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Like many others during the COVID-19 pandemic, I have been relentlessly job searching in pursuit of a work-from-home career. When I graduated with a BA in English and creative writing in 2018, I was naïve in thinking I would be able to score a full-time desk job right away. Instead, I worked at various part-time jobs to pay off my student debt and spent my days off applying for better ones. And now that so many people have been laid off from their jobs during the pandemic, the pool of applicants for any given job has grown even bigger.

Today’s application process already makes you jump through hoops, what with the need for tailored résumés, a LinkedIn profile or even a portfolio website. As if that wasn’t already enough, another frequent feature of job applications is an employment equity self-identification form.

Submitting a self-identification form is optional. Some companies state that this information is anonymously collected and used strictly for research purposes. Others state that self-identifying as a minority can help you be seen as a more favourable candidate. The implication in this case is that the company acknowledges that as part of a minority group, you have probably faced more barriers to becoming successful than a cisgender heterosexual white man, and therefore the company may overlook experience gaps in your résumé.

Either way, it can feel peculiar to list information such as your ethnicity, sexual orientation, gender or socio-economic status in the same way you list job skills, such as proficiency in Microsoft Office.

While it’s okay for companies to request personal information, they should be fully transparent about how much of an advantage it could give you in your application. And no one should be asked to provide personal information to an employer if they’re not assured it won’t be used against them or shared without their permission. People have to be confident that the information collected is being used ethically and is actually furthering diversity goals in the workplace.

That said, employment equity self-identification forms are a step in the right direction for leveling the playing field. “If a company is looking to be more inclusive, [employment equity data collection] will help push those résumés to the top,” Amanda Lynne Ballard said of her experience as part of a hiring committee when she worked for an event production manager in Toronto. “If a company is not getting enough applicants that support their diversity goals, they know they need to send their [job] posting in other directions. You can’t say you are trying to be diverse if you are only getting white applicants.”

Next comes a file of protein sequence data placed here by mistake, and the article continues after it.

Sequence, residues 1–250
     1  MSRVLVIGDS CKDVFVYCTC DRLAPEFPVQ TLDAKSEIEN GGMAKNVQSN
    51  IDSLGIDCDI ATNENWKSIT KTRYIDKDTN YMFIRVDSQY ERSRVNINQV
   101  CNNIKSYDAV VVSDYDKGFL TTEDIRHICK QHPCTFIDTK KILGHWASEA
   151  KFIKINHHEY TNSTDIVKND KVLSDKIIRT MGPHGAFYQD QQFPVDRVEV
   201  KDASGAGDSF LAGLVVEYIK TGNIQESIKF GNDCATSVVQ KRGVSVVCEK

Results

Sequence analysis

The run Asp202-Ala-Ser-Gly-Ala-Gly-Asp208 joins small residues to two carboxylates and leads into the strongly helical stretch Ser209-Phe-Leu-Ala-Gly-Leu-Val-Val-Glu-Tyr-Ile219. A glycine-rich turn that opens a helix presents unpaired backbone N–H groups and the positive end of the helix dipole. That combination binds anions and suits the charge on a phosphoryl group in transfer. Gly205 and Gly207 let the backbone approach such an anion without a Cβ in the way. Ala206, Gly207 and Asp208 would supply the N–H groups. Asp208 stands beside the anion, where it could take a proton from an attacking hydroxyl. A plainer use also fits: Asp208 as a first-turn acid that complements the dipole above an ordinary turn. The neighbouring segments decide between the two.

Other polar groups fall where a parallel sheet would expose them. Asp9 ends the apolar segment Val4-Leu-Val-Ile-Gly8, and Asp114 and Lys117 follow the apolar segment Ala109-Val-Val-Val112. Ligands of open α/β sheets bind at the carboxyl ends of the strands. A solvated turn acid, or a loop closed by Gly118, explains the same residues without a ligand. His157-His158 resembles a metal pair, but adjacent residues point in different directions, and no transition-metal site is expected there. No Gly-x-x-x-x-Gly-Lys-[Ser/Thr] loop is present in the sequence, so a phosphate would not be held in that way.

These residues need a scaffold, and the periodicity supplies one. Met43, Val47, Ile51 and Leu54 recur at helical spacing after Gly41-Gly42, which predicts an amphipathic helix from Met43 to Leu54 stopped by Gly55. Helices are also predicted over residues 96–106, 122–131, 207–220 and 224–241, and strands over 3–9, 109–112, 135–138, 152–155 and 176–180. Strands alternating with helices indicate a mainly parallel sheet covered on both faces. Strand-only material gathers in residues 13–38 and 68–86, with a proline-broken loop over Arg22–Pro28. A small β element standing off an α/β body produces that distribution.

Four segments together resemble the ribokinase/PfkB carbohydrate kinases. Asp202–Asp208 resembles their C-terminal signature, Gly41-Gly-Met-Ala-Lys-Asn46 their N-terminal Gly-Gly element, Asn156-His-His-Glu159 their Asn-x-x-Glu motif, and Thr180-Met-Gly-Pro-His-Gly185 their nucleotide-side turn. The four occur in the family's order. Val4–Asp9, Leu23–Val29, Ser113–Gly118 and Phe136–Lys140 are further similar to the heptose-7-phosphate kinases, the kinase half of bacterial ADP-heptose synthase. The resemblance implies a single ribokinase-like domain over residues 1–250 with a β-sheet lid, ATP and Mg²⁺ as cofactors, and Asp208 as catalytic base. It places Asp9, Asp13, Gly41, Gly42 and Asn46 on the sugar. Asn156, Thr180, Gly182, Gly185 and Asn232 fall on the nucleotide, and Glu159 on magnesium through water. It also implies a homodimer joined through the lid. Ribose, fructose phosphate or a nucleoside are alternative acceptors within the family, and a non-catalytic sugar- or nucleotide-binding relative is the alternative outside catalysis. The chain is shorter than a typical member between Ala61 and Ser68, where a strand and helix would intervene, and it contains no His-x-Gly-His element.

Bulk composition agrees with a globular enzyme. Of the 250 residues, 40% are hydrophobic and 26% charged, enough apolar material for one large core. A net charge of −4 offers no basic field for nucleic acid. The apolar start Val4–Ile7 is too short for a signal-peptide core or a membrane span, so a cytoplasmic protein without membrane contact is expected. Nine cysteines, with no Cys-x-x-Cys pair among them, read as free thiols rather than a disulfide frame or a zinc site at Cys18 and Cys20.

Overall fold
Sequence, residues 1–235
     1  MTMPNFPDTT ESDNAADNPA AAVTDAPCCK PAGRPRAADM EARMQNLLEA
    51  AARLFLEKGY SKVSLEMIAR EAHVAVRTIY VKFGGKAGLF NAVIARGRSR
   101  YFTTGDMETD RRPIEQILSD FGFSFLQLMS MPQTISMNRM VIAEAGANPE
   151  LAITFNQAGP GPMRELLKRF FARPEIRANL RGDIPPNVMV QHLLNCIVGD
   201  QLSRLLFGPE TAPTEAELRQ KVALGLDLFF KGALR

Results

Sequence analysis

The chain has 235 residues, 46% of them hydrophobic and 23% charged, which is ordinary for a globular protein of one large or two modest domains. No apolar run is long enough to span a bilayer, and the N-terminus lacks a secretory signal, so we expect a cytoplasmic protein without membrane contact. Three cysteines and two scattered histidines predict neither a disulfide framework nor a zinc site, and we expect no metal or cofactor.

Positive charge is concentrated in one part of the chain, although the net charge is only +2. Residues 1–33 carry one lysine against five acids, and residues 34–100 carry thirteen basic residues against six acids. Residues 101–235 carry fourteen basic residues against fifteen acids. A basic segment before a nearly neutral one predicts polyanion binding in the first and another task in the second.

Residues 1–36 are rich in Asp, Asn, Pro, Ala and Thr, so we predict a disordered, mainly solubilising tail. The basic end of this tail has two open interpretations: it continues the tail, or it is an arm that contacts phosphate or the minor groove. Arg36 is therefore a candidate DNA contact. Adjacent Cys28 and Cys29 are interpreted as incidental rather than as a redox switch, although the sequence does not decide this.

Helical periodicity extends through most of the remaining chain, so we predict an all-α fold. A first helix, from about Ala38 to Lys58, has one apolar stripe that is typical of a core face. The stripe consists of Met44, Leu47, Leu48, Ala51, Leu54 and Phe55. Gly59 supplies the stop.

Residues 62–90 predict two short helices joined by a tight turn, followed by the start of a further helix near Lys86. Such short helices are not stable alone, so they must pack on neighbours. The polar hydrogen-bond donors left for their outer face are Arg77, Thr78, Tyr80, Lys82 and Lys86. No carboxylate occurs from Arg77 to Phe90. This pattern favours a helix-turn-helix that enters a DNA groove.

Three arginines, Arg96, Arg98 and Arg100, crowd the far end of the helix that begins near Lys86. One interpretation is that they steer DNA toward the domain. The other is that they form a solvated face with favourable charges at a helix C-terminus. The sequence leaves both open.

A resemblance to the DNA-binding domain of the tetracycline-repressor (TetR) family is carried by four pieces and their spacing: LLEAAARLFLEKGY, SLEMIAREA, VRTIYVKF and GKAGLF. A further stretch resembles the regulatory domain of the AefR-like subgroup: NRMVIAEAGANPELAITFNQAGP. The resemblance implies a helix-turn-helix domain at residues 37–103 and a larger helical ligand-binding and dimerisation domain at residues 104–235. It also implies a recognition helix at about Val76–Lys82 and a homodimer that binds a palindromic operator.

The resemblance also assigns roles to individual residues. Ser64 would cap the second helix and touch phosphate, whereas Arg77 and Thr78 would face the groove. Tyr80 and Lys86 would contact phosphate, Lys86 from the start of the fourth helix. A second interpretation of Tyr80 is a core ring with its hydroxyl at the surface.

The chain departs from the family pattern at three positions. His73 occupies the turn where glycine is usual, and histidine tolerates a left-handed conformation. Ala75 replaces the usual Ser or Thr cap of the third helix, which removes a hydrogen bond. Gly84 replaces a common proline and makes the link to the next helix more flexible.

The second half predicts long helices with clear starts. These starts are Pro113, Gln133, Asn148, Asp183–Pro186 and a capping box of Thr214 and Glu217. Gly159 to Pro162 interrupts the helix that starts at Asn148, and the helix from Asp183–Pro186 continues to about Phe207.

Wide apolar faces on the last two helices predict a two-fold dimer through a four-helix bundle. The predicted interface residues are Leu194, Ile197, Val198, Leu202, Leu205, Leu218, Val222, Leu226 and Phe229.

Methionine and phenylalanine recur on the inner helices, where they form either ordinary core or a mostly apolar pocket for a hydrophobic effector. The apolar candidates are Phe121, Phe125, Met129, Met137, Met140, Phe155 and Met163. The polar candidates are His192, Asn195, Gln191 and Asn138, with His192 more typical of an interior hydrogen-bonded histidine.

But even if your résumé is filtered by AI software designed to root out biases, unconscious biases will still be present during the interview. It seems that, at best, your résumé will be seen first – ahead of the applicants that don’t self-identify as a minority. At worst, your personal information could be used to discriminate against you in the hiring process. All in all, the information you provide may just become part of statistics that make the company appear to be inclusive, when that may not actually be the case.

“When I was hiring for a marketing co-ordinator role, I had asked if it was possible for me to receive résumés with the names blanked out so I could judge solely on merit, skill set, and suitability. They told me it wasn’t possible,” said Tawnya Zwicker, who was a senior manager at a Toronto company with over 1,400 employees. “I asked how we could possibly be objective in our hiring practices if people were using unconscious biases when reading ‘ethnic-sounding’ names and weeding them out.”

Ideally, hiring teams should be composed of a diverse panel of staff members who are seeking a diverse pool of applicants that represent the country’s population, using fair hiring practices such as anonymous applications, and implementing diversity policies in the workplace. If companies want to say they’re inclusive, they need to be able to show that they are, and that they’re meeting – or hopefully even surpassing – their diversity goals.

Karen K. Tran is a writer, photographer, and various odd-job freelancer based in Guelph. She graduated from the University of Guelph in 2018.Handout

Karen K. Tran is a writer, photographer, and various odd-job freelancer based in Guelph. She graduated from the University of Guelph in 2018. She is the leadership lab columnist for May 2021.

This column is part of Globe Careers’ Leadership Lab series, where executives and experts share their views and advice about the world of work. Find all Leadership Lab stories at tgam.ca/leadershiplab and guidelines for how to contribute to the column here.

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